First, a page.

Willie Mays, the legendary Hall of Fame center fielder regarded as the greatest all-around baseball player of all time, passed away on Tuesday at the age of 93, as announced by the San Francisco Giants.

Nicknamed “The Say Hey Kid,” Mays had a professional baseball career that spanned four decades. He began in the Negro Leagues in the late 1940s and concluded with the New York Mets in 1972, spending 21 years with the New York Giants, who later became the San Francisco Giants.

Born on May 6, 1931, in Westfield, Alabama, Mays was named Willie, not William. Both of his parents were talented athletes, but it was his father, Cat Mays, a semi-pro player on several local Black teams, who introduced him to baseball. By age 10, Willie was already sitting in the dugout with his father, having learned the fundamentals years earlier.

In high school, Mays excelled in several sports. His professional baseball career began in 1948 with the Birmingham Black Barons of the Negro Leagues before he had even finished high school. After graduating in 1950, he signed with the Giants and earned his call-up to the majors in May 1951 after barely a year in the minors.

Mays was a true five-tool player, excelling in speed, throwing, fielding, hitting for average, and hitting for power. His career triple-slash line was .301/.384/.557, with 660 home runs, 525 doubles, and 338 stolen bases. He led the National League in stolen bases four times and in home runs four times. Remarkably, over his 24 seasons in the majors, he grounded into just 45 double plays.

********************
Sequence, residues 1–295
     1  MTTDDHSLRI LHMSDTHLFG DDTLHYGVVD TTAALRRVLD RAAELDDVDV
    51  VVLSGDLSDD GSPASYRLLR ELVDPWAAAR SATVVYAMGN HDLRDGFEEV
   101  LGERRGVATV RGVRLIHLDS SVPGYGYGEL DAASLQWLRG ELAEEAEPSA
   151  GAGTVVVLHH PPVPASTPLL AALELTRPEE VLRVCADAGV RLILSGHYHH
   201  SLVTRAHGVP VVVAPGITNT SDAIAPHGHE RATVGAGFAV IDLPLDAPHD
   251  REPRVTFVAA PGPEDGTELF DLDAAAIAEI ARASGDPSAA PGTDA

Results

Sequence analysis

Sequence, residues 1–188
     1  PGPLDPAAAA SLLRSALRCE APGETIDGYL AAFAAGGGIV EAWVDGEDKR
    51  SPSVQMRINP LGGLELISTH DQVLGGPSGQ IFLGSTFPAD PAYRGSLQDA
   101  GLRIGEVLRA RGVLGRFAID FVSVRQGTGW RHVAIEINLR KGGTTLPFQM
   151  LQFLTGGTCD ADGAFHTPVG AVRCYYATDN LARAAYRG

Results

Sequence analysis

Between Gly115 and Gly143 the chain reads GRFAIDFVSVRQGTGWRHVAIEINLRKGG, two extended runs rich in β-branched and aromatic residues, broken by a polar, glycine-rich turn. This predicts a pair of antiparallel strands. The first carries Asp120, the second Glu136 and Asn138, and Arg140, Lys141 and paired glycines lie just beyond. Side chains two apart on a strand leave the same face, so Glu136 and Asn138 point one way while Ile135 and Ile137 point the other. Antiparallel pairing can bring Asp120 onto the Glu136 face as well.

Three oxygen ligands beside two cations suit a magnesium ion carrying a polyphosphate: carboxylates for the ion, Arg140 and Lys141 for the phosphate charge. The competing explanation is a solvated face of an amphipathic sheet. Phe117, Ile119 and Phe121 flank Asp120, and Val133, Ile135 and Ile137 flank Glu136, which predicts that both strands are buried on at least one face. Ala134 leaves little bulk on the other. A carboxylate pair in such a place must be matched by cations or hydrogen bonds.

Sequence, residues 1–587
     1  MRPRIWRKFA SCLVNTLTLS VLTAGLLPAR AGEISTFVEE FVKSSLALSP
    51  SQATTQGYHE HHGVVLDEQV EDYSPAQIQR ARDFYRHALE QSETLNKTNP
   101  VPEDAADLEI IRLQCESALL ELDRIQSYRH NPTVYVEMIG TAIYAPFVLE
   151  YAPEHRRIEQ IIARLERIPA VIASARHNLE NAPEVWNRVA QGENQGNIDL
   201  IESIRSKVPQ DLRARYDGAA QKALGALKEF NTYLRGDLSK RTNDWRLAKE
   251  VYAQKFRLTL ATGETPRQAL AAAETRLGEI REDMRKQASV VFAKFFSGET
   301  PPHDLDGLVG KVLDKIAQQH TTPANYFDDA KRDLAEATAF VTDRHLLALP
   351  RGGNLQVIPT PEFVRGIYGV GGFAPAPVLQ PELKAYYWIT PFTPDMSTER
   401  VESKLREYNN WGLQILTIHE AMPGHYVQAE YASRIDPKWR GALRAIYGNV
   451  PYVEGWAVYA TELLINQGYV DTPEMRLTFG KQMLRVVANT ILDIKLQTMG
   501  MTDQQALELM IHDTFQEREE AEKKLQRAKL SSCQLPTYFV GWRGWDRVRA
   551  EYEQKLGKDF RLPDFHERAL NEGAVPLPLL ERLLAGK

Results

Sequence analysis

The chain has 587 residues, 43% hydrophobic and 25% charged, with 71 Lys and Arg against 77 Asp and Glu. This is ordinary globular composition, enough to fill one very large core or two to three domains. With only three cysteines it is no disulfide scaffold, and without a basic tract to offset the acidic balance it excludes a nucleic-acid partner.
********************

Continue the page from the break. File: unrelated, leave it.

Mays made an immediate impact in his career, though his early statistics weren’t overwhelming. Debuting on May 25, 1951, he hit his first home run in his fourth major league game against the Boston Braves and went on to win Rookie of the Year, the first of many accolades.

His nickname, “The Say Hey Kid,” was earned during his rookie year. Either his manager, Leo Durocher, or writer Barney Kremenko of the New York Journal American gave it to him because the shy rookie would often say “Say who,” “Say what,” “Say where,” and “Say hey.” Kremenko wrote, “In my paper, I tabbed him the ‘Say Hey Kid.’ It stuck.”

In 1954, Mays recorded “Say Hey (The Willie Mays Song)” with the Treniers, featuring music legend Quincy Jones conducting the orchestra.

Mays’s promising MLB debut was interrupted by his service in the Army during the Korean War, from the majority of 1952 through 1953. During his military service, he played on military baseball teams with other MLB players, entertaining the troops.